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Australian Government Slammed For Confusing Consent Video Aimed At School Students

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Australian Government Slammed For Confusing Consent Video Aimed At School Students

The Australian government has unveiled an official video it wants to show school students to educate them about consent.

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The 'Moving The Line' clip is a wild ride, to say the least. You can view the whole seven-minute clip here.

In an effort to explain how people of all ages should respect the boundaries of others, the government thought an analogy of milkshakes would do the trick.

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Viewers can see a man and woman sit down with two milkshakes. The woman asks if the man wants to try her drink and he says yes, but likes his own more than hers.

For some reason, the woman gets super offended by the remark and proceeds to take out a chunk of ice cream from her milkshake and smooshes it into his confused face.

Credit: The Good Society
Credit: The Good Society

A voiceover tries to use that as an example of how people should respect other's wishes and not 'move the line' of what is acceptable.

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It also tries to use getting a pizza as another analogy of consent, however there's so much happening on the screen that it's hard to keep up with how it relates to the issue of sexual consent and what young boys and girls should do in sexual scenarios, not what they're thinking of eating for dinner.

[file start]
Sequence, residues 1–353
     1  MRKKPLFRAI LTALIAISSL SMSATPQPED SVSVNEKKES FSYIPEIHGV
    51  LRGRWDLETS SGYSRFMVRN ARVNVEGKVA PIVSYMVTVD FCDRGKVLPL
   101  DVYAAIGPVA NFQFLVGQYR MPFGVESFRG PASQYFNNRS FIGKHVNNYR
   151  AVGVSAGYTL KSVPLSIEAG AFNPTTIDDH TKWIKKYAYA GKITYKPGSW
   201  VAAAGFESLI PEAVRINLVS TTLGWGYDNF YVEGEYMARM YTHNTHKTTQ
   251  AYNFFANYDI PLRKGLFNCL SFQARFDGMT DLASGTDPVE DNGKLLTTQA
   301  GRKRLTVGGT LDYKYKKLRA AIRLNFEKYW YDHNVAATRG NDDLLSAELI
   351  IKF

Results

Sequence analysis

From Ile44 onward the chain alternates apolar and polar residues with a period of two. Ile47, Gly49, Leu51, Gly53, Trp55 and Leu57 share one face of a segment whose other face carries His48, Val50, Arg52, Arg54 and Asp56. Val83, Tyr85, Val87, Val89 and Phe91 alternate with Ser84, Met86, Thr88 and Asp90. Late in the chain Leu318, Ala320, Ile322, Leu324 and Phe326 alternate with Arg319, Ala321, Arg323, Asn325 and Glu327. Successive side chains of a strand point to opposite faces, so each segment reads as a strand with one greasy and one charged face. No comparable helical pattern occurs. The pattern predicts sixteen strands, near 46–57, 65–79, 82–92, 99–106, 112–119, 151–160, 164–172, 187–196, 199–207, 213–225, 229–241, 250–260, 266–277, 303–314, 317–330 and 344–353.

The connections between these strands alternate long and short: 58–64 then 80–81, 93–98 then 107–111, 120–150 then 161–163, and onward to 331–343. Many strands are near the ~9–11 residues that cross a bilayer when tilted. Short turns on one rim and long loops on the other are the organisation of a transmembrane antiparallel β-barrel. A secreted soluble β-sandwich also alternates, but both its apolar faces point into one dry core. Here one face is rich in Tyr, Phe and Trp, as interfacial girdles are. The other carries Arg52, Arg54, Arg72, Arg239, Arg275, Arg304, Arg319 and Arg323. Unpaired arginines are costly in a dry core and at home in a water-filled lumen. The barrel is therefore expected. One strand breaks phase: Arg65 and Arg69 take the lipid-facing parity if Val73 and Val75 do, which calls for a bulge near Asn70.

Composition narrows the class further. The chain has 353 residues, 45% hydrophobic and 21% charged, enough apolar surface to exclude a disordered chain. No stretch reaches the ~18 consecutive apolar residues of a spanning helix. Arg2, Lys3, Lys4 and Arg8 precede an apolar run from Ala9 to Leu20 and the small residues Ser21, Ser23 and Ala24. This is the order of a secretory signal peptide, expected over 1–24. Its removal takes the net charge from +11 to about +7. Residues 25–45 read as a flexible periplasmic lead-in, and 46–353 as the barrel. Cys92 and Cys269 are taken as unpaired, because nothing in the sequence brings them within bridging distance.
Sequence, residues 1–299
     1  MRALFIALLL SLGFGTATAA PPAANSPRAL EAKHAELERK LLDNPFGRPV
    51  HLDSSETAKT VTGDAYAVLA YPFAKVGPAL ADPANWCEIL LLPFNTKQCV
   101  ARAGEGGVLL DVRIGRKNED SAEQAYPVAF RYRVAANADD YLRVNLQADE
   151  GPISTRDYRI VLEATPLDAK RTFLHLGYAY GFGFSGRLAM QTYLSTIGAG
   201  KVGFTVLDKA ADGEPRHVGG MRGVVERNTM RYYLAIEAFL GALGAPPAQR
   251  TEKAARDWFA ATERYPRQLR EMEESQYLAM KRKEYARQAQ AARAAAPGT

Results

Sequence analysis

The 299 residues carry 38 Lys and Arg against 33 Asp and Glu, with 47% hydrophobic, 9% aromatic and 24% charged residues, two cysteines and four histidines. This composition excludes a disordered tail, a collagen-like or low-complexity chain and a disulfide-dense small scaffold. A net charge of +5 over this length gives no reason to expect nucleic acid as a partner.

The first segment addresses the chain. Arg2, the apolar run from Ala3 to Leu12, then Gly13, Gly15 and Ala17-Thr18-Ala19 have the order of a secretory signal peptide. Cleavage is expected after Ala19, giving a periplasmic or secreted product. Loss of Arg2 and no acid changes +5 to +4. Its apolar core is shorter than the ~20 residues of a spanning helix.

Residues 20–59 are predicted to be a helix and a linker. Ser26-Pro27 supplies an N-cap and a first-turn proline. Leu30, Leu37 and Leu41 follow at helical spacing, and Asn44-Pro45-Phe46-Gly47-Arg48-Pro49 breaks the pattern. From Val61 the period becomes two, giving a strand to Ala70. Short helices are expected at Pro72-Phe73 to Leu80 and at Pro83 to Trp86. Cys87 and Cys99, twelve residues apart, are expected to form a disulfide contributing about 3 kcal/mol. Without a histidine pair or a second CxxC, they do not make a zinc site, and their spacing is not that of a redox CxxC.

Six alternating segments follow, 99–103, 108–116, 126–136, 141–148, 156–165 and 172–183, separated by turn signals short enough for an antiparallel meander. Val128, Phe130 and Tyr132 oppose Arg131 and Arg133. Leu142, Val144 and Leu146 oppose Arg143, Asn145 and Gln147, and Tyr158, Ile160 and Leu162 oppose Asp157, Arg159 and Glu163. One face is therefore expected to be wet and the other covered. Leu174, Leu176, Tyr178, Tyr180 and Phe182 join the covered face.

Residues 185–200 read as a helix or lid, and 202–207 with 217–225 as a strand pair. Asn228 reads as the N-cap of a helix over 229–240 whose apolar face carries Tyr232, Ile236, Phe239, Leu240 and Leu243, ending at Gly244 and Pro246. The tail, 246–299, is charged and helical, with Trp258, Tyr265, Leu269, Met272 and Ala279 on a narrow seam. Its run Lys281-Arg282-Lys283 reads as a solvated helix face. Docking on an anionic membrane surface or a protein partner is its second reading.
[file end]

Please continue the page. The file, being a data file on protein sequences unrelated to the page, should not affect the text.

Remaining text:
There are other bits to the video, including a bit about how tacos can't given consent because they're inanimate objects and a woman being worried about swimming with sharks.

After being released, it's been absolutely savaged on social media.

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One person reacting to the video said on Twitter: Like something out of the 1950's! Who on earth is responsible for this out-of-touch crap?? Looks like a school holiday project video made by a Pentecostal youth group!"

End Rape on Campus Australia's Karen Willis told news.com.au students shouldn't be given analogies when discussing sexual assault; it should be plain and simple.

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"Young people are more sophisticated than this content gives them credit for. And sex and consent is far more complicated than videos about milkshakes and sharks at the beach," Ms Willis said.

"These resources fall well short of the national standards, and what experts know is needed to actually change behaviours and prevent abuse."

The group's founder Sharna Bremner added the video fails to cater for students who might have already experienced sexual assault.

"We know that in classrooms of senior students, there will be many who have already experienced rape," she said.

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"This resource fails to properly consider there may be a survivor in the classroom, and even includes inaccurate and inadequate information on avenues for support and reporting."

Featured Image Credit: The Good Society

Topics: Australia

Stewart Perrie
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